Can a Zebra Change Its Stripes?
Often, there is some grain of truth in old sayings and myths. That is why they persist over time and generations. As I considered my own situation, I realized that one of the first questions I needed to answer was whether I could truly change old habits and patterns of thinking, if wanting to have a different life and future is really sufficient to make the effort successful. Perhaps the desire alone is not enough and there are factors that preclude some people from ever being satisfied with their achievements or happy.
Skeptics have always questioned whether people, particularly adults, can change, leading to such idioms as
- “A Zebra can’t change his stripes.”
- “Old habits die hard.”
- “You can’t teach an old dogs new tricks.”
- “The Apple doesn’t fall far from the tree.”
- “The sins of the Father are present in the son.”
When we look around us, we see the world and our environment constantly changing. Humans are the result of millions of years of evolution, generation after generation of subtle differences. Everything changes all of the time, sometimes too slow to recognize but occurring never-the-less. We are biologically predisposed to change, to adapt to our environments just as we influence our surroundings to accommodate our needs more efficiently. This propensity is apparent in the way our brains work, the influence of memory on our outlook, even the impact of emotions on our behavior.
This conflict between constant change and the paradoxical tendency of people to resist change led me to research how the human brain works, the influence of genetics upon our decisions, and why some people are able to make massive changes in their lives and others try, but fail.
Is Success Predestined? Failure Inevitable?
Each of us is both a victim and a beneficiary of our ancestors and our environment. Based upon our genetic tendencies, reinforced by the environments in which we mature and live, each of us develops stereotypes and habits to respond to events and conditions. Our personality reflects our characteristic pattern of thinking, feeling, and behaving as seen by others. To understand better who we are as well as develop techniques to change, it is important to understand how our brains works, what if any limitations we might inherit from our parents, and how memory affects our decisions as well as the connection between our personality and our mind. As British psychiatrist Dr. Susan Greenfield says, “personality” is how others see you while “Mind” or “Self” is what it feels like to be you. In other words, your “mind” is the emotions you feel at a particular time and location. Even though outside events trigger negative emotions, how we respond to them – their impact and duration – is within our control.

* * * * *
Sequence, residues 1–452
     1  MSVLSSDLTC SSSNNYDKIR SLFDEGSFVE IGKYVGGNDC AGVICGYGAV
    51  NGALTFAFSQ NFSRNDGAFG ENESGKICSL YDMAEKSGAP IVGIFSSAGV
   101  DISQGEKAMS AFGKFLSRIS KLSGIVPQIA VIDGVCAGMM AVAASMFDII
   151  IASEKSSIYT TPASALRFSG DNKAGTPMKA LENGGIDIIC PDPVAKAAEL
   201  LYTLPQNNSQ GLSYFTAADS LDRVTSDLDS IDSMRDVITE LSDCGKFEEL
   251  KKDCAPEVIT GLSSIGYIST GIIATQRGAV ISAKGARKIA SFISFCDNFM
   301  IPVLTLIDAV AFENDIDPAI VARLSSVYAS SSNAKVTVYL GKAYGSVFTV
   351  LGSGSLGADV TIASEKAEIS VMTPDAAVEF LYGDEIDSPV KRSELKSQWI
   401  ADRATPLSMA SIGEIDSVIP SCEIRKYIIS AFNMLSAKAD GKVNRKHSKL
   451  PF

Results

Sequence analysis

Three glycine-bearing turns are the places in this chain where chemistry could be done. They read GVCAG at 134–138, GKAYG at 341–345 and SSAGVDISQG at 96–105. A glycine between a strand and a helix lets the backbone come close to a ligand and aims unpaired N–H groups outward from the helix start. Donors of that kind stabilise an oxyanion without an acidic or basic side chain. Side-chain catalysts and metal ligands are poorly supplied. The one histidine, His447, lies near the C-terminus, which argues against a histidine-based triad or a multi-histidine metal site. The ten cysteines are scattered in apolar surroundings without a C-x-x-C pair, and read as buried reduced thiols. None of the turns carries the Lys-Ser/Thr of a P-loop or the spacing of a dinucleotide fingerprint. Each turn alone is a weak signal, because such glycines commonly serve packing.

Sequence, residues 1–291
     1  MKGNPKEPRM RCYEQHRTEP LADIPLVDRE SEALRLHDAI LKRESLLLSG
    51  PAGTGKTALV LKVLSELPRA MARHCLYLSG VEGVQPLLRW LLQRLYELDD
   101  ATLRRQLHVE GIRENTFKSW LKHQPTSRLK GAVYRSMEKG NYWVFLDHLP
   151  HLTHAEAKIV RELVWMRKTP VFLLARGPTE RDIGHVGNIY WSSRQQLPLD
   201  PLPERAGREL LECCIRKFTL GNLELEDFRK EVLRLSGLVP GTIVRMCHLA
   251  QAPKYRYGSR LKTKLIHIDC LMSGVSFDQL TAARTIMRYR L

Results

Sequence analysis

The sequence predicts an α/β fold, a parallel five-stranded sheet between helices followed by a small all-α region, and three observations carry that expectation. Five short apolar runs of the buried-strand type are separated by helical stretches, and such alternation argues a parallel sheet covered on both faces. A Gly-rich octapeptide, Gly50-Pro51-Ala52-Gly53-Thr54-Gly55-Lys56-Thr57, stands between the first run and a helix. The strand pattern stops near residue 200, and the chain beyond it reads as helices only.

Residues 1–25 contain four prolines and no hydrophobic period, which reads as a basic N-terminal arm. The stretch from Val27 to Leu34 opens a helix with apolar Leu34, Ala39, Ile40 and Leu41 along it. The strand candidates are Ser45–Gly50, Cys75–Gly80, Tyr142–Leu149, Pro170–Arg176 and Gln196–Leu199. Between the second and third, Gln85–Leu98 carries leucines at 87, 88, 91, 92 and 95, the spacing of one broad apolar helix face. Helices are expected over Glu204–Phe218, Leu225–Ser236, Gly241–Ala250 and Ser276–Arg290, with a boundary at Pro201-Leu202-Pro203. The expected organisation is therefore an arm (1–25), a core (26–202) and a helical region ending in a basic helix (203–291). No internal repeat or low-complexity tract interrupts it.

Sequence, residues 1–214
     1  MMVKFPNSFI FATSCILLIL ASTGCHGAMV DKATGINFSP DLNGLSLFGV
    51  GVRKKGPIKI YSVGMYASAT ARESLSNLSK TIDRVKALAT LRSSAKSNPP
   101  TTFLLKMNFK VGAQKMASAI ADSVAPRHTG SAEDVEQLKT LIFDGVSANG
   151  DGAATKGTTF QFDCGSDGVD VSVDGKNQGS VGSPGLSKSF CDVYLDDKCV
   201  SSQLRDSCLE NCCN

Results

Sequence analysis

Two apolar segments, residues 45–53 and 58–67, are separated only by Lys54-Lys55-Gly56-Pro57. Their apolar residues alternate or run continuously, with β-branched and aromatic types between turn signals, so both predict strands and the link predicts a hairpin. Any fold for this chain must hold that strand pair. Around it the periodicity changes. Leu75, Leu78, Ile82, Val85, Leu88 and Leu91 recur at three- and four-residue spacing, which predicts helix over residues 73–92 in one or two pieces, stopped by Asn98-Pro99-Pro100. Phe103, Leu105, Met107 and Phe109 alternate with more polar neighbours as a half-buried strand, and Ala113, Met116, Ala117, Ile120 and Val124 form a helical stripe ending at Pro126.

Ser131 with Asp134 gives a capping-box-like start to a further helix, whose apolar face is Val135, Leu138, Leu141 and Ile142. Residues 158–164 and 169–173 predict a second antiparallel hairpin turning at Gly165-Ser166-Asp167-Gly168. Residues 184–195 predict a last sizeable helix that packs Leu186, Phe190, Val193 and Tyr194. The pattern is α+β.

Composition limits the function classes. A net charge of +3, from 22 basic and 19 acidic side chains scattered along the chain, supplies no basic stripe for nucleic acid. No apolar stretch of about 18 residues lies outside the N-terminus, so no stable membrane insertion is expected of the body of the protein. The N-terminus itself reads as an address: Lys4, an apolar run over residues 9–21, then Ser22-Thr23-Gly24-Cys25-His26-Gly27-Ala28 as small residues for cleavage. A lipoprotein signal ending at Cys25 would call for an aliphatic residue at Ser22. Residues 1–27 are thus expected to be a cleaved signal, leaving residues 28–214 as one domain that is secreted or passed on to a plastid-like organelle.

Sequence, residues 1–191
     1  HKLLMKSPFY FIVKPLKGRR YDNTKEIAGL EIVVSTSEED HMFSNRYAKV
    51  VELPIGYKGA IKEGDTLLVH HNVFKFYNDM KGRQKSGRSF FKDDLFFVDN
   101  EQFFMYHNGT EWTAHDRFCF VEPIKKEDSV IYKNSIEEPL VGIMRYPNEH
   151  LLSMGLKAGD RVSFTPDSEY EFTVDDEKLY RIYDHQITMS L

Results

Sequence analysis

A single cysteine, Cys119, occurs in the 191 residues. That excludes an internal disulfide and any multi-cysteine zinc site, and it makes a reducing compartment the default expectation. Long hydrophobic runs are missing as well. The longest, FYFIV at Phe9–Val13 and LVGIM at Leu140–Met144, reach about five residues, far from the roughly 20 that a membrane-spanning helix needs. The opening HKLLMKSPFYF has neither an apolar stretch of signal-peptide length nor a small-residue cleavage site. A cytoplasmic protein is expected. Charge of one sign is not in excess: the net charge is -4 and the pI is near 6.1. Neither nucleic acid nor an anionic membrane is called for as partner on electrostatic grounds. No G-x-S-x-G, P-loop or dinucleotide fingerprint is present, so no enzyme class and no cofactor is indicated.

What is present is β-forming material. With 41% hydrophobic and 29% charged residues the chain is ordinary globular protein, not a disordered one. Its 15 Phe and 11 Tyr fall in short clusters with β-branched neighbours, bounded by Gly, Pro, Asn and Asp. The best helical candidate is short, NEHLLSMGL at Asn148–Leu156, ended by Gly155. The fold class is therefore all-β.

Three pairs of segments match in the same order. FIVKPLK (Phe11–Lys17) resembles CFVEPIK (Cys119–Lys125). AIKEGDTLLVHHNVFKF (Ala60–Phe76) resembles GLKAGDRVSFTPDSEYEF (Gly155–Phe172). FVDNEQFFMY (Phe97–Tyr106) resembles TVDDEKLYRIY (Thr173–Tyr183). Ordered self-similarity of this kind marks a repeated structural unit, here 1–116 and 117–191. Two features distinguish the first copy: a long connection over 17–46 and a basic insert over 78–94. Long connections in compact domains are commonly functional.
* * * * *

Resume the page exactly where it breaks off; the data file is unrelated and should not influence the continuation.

Failure is a matter of perspective and can either be a motivator or an obstacle to overcome. Failure is not a predictor of the future, nor a indication of a person’s value. Michael Jordan, perhaps the greatest basketball player of all time, said, “I have missed more than 9,000 shots in my career. I have lost almost 300 games. On 26 occasions I have been entrusted to take the game winning shot, and I have missed. I have failed over and over and over again in my life. And that is why I succeed.”
Similarly, there is no absolute definition of success or the elements that make one person happy versus another. Most of us are guilty of letting others influence whether we feel successful or not, generally by how much money we make or the assets we have. But tangible measures can be false indicators. How many houses can a person live in at a time? Is there really a difference between a $500 suit and a $5000 suit? With highway speed limits at 70 mph, does it make a difference whether you drive a Chevrolet or a Maserati? Of course, it does. Not, however, because of the tangible difference in benefits, but because “more, bigger, faster, more expensive” brings more status from those around us. Who is happier – a Steve Jobs who made millions by designing products that makes life more entertaining, exciting, and easier for millions or Mother Theresa who lived a simple life while focusing the world’s attention on the poor, the homeless, the persecuted? I suspect that both were happy and both probably considered their lives a success, but neither would have changed places with the other expecting to find more happiness as a result.
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